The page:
Furthermore, the routing algorithm also uses conditions specified in a packet. Such conditions include, for example, QoS. Using network characteristics and packet specified conditions as criteria, the routing algorithm then determines the route to be used to relay a packet. For example, if a packet specifies a high QoS, this may require the FRU to identify the shortest route between two network nodes. Consequently, the routing algorithm optimizes a route so that it does not hop through redundant nodes. This could be performed by any node in the network that determines it is not using an optimum route to the destination. The optimum route to the destination can be determined based on a number of factors. For example, an optimum route can be based on the lowest number of intermediary units or a number of intermediary units that is equal to or fewer than a predetermined threshold. Furthermore, intermediary units in the optimum route can be selected based on different factors. For example, one intermediary unit may be included in the optimum route based on its radio link quality; another intermediary unit may be included based on a different criterion such as data rate or congestion. Moreover, the factors or criteria that are used to select an intermediary unit may vary over time. Based on the disclosure and teachings provided herein, a person of ordinary skill in the art will know of other factors that can be used to determine the optimum route to a destination as well as intermediary units to be used in the optimum route. In addition, since the network is radio-based, FRUs may disappear or otherwise become unavailable for a number of reasons including, for example, power failure, thus rendering one or more entries in routing tables obsolete. When an FRU becomes unavailable, the routing algorithm attempts to re-route traffic around the unavailable FRU. If possible, the FRU will alert the network to its offline status by, for example, sending out a broadcast message. This greatly simplifies the network maintenance.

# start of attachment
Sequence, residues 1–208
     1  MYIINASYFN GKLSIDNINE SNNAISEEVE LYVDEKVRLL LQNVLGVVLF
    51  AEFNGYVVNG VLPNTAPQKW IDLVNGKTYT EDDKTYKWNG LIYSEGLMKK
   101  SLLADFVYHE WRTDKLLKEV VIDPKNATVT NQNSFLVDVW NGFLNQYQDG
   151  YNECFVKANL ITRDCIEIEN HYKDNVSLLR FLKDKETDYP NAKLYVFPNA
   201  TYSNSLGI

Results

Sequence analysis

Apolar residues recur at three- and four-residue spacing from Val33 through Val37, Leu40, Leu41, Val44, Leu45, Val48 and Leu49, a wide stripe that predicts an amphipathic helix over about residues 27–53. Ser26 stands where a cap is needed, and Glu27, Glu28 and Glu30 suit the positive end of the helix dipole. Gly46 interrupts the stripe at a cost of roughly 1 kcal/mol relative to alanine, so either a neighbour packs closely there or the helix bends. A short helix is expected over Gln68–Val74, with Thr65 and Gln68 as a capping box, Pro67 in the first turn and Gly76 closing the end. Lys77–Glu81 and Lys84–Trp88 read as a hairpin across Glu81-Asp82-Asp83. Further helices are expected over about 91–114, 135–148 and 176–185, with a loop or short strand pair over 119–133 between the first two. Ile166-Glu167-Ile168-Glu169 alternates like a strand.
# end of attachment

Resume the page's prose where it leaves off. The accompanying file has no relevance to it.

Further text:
Moreover, each FRU also collects routing and device information from MRU(s) that are available within its coverage area. As will be further described below, the MRU(s) can also be used for forwarding traffic. Hence, such information can be used by the routing algorithm of the FRU to generate an optimum route.